HERE Technologies powers mapping, navigation, and location solutions for enterprise customers. Their mission is to create a digital representation of reality to radically improve the way everyone and everything lives, moves, and interacts. Their maps, data, and products power solutions for self-driving cars, truck fleets, logistics, government, and many more. With a goal of creating three dimensional maps that are accurate down to a few centimeters, HERE has remained an innovator in the space since the mid-80’s, giving hundreds of businesses and organizations detailed, precise and actionable location data and insights.
Mapping at the level of accuracy HERE Technologies strives for requires multiple different approaches and machine learning models. One of those methods leverages road signs.
One of the stated goals of HERE is to create an understanding of every road sign on earth. That includes both what those signs actually say–turn warnings, speed limits, deer crossings, etc.–and, just as importantly, where those signs actually are. Understanding a sign’s precise location relative to the road can be crucial, as it can allow a vehicle to more accurately pinpoint exactly where it is, as well as exactly where certain laws (like the speed limit) change.
HERE does this in an innovative way. They use cars outfitted with four separate cameras: one front-facing, one rear-facing, one left-facing, and one right-facing, with each camera capturing a video feed. Their models are looking for something they call “sign fusion,” where several cameras can see the sign and understand that it’s a single object. Essentially, HERE is trying to identify the physical location of individual signs to take measurements and aggregate their locations for increased map and model accuracy.
Teaching models how to identify signs as vehicles travel the road helps improve their models–and thus their maps’–overall accuracy. The problem is that you need to use video data to achieve the level of precision HERE strives for. They need that data to both train and fine-tune the performance of their sign-detection algorithms. But annotating individual frames from a video is both time-consuming and costly. A single minute of video can contain thousands of frames of still images and annotating each frame can be expensive. That’s why when Appen told HERE Technologies about its Machine Learning Assisted Video Object Tracking Tool, they were eager to give it a try.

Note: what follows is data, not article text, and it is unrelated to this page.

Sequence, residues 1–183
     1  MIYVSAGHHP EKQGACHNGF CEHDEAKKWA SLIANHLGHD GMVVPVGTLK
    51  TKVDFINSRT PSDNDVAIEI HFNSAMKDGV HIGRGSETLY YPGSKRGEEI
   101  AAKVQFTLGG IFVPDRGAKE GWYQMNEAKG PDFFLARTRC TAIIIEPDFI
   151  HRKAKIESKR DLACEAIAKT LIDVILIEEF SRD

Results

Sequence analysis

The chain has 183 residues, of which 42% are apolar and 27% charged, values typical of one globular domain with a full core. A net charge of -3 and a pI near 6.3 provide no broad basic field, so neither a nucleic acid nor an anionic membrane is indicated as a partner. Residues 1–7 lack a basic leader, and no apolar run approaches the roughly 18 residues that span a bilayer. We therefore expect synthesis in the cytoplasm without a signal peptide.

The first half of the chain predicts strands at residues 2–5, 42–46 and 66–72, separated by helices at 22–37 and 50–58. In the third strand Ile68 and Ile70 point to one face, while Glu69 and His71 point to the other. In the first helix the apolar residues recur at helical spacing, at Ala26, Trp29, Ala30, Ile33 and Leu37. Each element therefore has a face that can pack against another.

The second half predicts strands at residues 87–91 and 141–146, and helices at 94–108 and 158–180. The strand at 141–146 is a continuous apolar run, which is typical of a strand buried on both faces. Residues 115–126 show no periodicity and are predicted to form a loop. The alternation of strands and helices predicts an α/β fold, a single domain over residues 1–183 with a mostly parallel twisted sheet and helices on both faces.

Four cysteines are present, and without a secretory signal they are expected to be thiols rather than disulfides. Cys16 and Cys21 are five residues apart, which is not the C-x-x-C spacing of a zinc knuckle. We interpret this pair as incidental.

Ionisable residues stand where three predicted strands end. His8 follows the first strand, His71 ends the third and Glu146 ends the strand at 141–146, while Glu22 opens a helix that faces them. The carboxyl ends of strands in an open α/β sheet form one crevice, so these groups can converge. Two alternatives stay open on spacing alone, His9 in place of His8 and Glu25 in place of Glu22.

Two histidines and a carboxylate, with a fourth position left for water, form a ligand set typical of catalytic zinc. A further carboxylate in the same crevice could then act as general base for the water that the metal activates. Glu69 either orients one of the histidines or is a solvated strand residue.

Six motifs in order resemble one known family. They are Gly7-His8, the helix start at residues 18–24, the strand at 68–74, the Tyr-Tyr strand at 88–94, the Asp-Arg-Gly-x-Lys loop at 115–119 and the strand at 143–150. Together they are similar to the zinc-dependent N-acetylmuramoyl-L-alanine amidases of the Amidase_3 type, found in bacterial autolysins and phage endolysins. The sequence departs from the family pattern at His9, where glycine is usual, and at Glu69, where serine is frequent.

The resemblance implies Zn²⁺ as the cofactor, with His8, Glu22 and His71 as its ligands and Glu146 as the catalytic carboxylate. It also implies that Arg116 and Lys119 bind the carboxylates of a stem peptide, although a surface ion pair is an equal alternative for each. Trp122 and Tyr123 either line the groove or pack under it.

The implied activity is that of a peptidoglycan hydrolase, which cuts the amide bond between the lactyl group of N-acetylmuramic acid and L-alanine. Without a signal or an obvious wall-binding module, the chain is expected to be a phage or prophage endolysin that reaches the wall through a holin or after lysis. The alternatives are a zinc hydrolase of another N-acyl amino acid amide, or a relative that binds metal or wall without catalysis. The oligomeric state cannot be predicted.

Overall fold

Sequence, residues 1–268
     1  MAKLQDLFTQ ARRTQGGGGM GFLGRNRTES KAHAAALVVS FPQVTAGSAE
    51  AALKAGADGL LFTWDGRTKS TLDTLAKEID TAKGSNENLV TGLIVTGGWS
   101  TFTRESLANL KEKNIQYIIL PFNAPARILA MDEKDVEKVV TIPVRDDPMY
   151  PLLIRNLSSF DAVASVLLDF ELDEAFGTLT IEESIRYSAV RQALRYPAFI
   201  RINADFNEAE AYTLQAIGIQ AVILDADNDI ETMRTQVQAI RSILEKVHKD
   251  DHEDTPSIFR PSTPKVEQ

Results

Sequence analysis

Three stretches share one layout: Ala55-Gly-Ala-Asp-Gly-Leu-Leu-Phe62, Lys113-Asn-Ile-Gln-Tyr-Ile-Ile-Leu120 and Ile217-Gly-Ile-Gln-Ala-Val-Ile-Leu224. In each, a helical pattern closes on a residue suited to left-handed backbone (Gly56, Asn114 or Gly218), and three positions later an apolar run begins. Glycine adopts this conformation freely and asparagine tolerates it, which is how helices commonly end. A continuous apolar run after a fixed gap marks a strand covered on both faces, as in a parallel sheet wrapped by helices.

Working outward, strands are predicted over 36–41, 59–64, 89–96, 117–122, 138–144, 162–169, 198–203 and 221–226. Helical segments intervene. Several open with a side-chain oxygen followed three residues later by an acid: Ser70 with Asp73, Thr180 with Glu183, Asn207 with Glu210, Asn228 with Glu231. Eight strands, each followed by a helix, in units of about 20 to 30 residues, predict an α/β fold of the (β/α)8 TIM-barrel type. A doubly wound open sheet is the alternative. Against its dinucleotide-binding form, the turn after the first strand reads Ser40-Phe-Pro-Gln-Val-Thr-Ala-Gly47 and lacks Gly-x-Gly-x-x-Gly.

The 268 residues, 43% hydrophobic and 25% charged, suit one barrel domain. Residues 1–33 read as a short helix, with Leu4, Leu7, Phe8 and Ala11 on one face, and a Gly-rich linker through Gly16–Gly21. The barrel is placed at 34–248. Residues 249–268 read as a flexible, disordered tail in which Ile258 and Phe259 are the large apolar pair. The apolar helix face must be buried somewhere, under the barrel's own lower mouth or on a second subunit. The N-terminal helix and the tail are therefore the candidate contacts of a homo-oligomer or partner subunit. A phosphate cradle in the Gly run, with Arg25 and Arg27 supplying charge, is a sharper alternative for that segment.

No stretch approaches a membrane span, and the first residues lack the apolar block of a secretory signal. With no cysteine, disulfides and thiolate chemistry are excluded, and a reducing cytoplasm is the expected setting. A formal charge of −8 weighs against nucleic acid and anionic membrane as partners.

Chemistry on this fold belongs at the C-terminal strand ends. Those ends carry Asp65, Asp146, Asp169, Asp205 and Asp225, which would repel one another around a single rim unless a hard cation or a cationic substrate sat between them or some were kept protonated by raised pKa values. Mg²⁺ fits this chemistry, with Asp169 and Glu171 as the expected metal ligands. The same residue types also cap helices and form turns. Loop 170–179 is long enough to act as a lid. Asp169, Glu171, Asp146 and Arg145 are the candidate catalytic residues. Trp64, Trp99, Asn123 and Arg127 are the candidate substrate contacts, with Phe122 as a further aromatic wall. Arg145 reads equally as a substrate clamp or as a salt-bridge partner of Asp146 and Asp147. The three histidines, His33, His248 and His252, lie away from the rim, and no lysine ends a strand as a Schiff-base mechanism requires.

HERE has an ambitious goal of annotating tens of thousands of kilometers of driven roads for the ground truth data that powers their sign-detection models. Parsing videos into images for that goal, however, is simply untenable.
Our Machine Learning assisted Video Object Tracking solution presented a perfect solution to this lofty ambition. That’s because it combines human intelligence with machine learning to drastically increase the speed of video annotation. It works like this:
On the first frame of a video, a human labeler annotates the objects in question. For HERE Technologies, that means a contributor is placing bounding boxes over various signs.
Functionally, this step is like a typical image annotation workflow. What’s next is where the machine learning kicks in. Using a deep learning ensemble model, the tool predicts where the annotated object has moved in the next frame. The labels persist, even if there are dozens of instances of the same class. Instead of relabeling the entire image from scratch, a human labeler simply corrects the annotation if necessary, dragging or resizing the persisted label to squarely fit around the annotated object. This carries on for the length of the video, until the final frame.
HERE hopes these labels will help them train and understand the performance of their sign-detection algorithm, learning which signs are hard to predict, if they’re finding too many false positives, what training data is needed to confidently identify new classes, and more.
Though HERE Technologies has only recently begun using our Machine Learning assisted Video Object Tracking, they believe it has the promise to massively speed up the collection of ground truth data for their models. Because frame-by-frame annotation of hundreds of thousands of signs over hours and hours of videos is nearly impossible. But with video object tracking, HERE can create actionable data for the researchers and developers who fine-tune their maps in far less time than ever before.